An agoraphobic woman will confront her fears which took her to her lowest point as she pays tribute to her late grandmother.
Brave Sarah Robson will join thousands of participants at this year’s Memory Walk in South Tyneside – a scenario she could never have imagined possible until recently.
The 22-year-old has suffered from depression since her late teens and has a deep-seated fear of public places.
But she is determined to overcome her anxiety to honour the memory of her grandmother Patricia, who died in June this year after a seven-year battle with dementia.
The North East Memory Walk – run by the Alzheimer’s Society’s – takes place in Bents Park, South Shields, on Saturday, October 8.
An estimated 4,000 people are expected to take part.
At the height of my depression I felt suicidal, and I would go to sleep hoping my eyes wouldn’t open again.Sarah Robson
Sarah, from South Shields, said: “Taking part in Memory Walk will be a huge step for me, especially as I will be doing it on my own.
“I’m recovering from agoraphobia and have suffered from depression since I was 17, so participating in such a big event won’t be easy, but I’m determined to go through with it.
“At the height of my depression I felt suicidal, and I would go to sleep hoping my eyes wouldn’t open again.
“It really was that bad.”
One of Sarah’s coping strategies, which have been taught to her by a therapist, is to listen to calming music when she gets anxious.
Top of her playlist during the Memory Walk will be North East band The Lighthouse Family.
Sarah said: “Their music has helped me though my darkest days.
“I’ve met the lead singer Tunde and he was lovely and so supportive when I told him about my problems.
“I now have his name tattooed on my arm next to a symbol of the sun, because he told me every day was a new beginning.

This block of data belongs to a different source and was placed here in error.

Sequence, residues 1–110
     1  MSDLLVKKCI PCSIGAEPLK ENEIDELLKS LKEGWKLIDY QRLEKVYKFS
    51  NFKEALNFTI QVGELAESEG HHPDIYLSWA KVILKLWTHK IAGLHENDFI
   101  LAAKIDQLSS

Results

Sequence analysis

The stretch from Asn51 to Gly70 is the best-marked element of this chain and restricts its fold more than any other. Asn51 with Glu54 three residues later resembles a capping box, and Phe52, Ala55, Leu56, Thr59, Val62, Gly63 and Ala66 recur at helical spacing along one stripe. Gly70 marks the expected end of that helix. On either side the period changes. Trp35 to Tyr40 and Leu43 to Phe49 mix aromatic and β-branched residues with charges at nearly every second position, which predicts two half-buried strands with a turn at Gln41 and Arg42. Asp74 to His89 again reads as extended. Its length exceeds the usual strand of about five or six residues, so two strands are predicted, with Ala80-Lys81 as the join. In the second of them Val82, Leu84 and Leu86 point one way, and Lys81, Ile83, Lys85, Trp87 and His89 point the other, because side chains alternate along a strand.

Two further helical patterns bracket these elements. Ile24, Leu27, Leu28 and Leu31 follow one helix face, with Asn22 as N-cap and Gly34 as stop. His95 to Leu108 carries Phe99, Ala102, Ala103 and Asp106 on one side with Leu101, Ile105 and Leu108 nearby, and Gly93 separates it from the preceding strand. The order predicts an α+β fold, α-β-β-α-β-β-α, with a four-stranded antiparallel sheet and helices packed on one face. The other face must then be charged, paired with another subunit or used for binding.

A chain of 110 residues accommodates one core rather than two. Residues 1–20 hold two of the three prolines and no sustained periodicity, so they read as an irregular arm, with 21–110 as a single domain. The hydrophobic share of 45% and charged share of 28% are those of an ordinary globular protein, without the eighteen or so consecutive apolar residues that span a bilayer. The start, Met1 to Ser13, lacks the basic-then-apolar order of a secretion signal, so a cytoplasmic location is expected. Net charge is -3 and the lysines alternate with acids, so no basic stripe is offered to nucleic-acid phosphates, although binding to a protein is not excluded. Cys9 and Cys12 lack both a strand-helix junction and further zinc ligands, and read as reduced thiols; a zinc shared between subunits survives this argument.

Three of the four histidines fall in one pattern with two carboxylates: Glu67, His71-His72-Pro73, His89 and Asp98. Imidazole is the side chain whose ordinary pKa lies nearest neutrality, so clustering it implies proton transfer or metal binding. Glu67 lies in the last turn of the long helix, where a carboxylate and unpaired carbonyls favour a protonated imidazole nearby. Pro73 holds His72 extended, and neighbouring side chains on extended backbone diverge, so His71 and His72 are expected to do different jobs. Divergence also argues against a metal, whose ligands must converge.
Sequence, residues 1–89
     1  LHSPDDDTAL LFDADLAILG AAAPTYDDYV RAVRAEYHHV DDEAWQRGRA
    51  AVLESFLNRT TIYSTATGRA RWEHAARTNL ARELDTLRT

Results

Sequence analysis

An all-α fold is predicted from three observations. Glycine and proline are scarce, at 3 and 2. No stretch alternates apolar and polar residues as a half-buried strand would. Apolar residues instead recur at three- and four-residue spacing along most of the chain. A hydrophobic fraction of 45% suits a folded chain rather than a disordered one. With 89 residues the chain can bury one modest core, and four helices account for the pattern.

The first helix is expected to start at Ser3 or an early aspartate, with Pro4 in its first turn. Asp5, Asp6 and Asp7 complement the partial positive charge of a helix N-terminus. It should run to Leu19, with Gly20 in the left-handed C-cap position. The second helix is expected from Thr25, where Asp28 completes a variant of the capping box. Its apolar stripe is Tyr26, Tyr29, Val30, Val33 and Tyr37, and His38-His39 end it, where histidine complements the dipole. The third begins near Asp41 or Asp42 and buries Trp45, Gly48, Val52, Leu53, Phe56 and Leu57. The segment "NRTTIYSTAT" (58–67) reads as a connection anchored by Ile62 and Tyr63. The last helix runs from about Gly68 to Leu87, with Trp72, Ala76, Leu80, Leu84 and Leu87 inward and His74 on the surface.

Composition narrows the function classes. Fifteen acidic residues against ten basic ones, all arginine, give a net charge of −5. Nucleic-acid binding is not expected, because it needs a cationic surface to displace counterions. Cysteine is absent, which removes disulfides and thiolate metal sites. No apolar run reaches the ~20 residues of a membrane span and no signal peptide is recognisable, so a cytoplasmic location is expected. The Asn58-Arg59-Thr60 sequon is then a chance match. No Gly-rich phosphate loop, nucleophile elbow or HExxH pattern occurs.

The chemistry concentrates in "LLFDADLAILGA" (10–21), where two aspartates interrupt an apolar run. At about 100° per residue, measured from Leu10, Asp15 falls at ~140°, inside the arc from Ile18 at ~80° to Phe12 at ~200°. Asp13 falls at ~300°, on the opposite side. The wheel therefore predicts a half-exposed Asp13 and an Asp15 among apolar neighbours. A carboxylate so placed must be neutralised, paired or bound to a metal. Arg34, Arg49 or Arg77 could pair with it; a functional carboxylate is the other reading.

“That’s a thought that keeps me going when I get anxious, and I’ll certainly be listening to his music on my iPhone during Memory Walk to get me through.”
Sarah’s grandmother was diagnosed with Alzheimer’s disease seven years ago and passed away in June.
Sarah said: “I have so many fond memories of Nana Pat.
“She taught me to cross stich when I was just five years old and that’s something I still do.
“My grandad looked after her for as long as he could but she was eventually admitted to a care home in March and died 12 weeks later.
“At her funeral we raised £200 for the Alzheimer’s Society through donations.
Former music student Sarah is currently unemployed but hopes to secure work as a teaching assistant.
She added: “When I saw an advertisement for Memory Walk, I felt it was something I had to do.
“It’s a way of paying tribute to Nana Pat and helping my own recovery at the same time.”
Rebecca Scott, Alzheimer’s Society Memory Walk Officer, said: “People have all sorts of personal reasons for taking part in Memory Walk – it can be in memory of a loved one, to celebrate someone affected by the condition or simply to create memories with family and friends.
“Sarah’s reasons are quite unique. She’s a brave and thoughtful young woman and I hope she has a very special day to remember.”